Alison Turnbull was invited to visit Chocó in February 2016 to research moths and butterflies, to make a new group of drawings and spend time away from her London studio. She was awarded a Joanna Drew Travel Bursary, which also allowed her to travel to Bogotá and Medellín, where she met entomologists from the Universidad Nacional. In August 2017 Alison will return to Chocó with Blanca Huertas, curator of butterflies at London’s Natural History Museum to develop a collaborative project based on the moths and butterflies of the rainforest.
The Zone of Solitude
By Alison Turnbull
The plan of the city is an ordered grid. Yet, it is a grid so fluid, so malleable and so open to distortion that it allows for diagonal interruptions and blind alleys; it allows for losing your way and for getting lost entirely.
In the zone of Solitude – a district in the heart of a city where order and unruliness constantly overlap – the houses date from the mid twentieth century. They share many features with European modernist architecture: flat roofs, concrete walls, metal window frames. But they have been carefully and judiciously adapted to their habitat, in which graffiti jostles with decorative mosaics. Wrought iron grills cover windows, doorways and gardens in a proliferation of grids, circles and diamond shapes. These patterns are not simply ornamental – they are there to deter predators. Form follows function. At the same time, the white tracery of the ironwork resembles nothing so much as the delicate markings on a butterfly’s wing, also there to warn away intruders.
I have travelled to the forest to spend time on my own and to find moths and butterflies. In the garden base at the forest’s edge, I make drawings on lined and gridded papers purchased in the city. I work at a wooden table whose legs have been cut to render it perfectly level on the sloping floor; it’s a bit like being on a boat. Moisture in the air causes the paper to undulate and the grids to distort. My attempts at order, carefully drawn circles and coloured bands, serve only to highlight the unpredictable vastness of the forest just behind me, full of green noise and green darkness.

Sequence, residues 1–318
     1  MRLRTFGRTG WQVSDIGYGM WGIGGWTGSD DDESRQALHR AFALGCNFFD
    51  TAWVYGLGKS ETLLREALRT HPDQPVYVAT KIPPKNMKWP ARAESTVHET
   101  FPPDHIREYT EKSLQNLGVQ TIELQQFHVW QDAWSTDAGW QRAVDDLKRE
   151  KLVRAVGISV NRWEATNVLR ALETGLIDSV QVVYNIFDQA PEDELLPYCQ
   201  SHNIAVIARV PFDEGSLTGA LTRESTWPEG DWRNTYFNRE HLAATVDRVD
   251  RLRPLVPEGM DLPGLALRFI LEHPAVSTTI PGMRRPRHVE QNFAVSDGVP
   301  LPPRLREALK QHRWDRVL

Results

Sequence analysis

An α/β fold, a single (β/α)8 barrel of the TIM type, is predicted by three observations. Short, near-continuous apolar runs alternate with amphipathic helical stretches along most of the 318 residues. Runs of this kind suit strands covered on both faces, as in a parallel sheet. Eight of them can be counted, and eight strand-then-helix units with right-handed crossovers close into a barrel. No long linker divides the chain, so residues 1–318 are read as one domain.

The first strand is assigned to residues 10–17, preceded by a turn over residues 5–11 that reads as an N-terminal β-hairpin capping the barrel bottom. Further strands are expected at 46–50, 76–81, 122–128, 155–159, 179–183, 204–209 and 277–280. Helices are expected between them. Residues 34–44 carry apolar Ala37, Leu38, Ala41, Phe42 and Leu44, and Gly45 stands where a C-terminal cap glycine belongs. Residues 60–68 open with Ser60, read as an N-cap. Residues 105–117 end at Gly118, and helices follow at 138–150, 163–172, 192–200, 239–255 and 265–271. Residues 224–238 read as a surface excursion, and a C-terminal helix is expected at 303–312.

Moths arrive on the nights when wind and rain don’t keep them away from the makeshift light-trap and in the afternoons there is a steady stream of day-flying swallowtails migrating southwards along the beach. Butterflies are everywhere in the garden – longwings and peacocks, cattlehearts and jewelmarks. In the forest they are more elusive and harder to spot. One day a large blue Morpho escapes my net and settles on a banana leaf. It keeps its wings resolutely closed, jealously guarding its iridescent blue interior. The patterns on its wings make me think of the houses in the zone of Solitude and I wonder about the lives and intimacies they contain.
Returning home, I visit the Lepidoptera collection in the museum of natural history. In a temperature-controlled environment, neatly pinned in serried rows, butterfly specimens – millions of them! – fill wooden drawers in grey metal cabinets. They have been amassed by naturalists and explorers, who would capture and classify the beauty of far away places in order to make it their own. I am searching for the species I have seen in the garden and the forest on the other side of the world. As in the forest and the city, it’s easy to get lost here too – in a taxonomic web of tribe and genus, species and family.
The pins that fix the butterflies in place also hold labels that detail the provenance and date of the specimens; without this data the collection would be of little worth scientifically. As I find examples of the species I’m looking for, an interesting pattern emerges. The species that I observed in the garden have been collected in places throughout the Neo-tropics. Those that I saw in the forest have all been collected in one place – they are endemic to the very forest where I have just been, on the edge of the Pacific Ocean. So it is here in the museum, thousands of miles away, that I begin to understand just what robust bio-indicators these beautiful, vulnerable creatures are – and how unique and precious is their forest habitat.
With thanks to Klidier Josué Gonzalez and Osneyder Valoy Palacio in Bogotá, Andrés Cáceres and Jorge Gil in Guachalito and Simon Elvins and Blanca Huertas in London